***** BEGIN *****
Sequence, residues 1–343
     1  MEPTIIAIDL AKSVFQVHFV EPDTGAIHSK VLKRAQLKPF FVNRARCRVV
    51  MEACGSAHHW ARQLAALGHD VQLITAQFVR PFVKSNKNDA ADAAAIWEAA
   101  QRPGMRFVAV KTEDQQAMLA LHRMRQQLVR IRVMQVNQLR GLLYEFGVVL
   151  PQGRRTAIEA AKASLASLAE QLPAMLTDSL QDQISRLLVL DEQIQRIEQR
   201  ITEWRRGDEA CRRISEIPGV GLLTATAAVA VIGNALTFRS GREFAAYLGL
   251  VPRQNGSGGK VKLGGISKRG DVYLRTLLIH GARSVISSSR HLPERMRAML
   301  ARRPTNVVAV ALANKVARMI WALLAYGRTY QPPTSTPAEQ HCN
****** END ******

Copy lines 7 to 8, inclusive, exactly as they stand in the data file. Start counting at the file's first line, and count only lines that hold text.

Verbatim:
   251  VPRQNGSGGK VKLGGISKRG DVYLRTLLIH GARSVISSSR HLPERMRAML
   301  ARRPTNVVAV ALANKVARMI WALLAYGRTY QPPTSTPAEQ HCN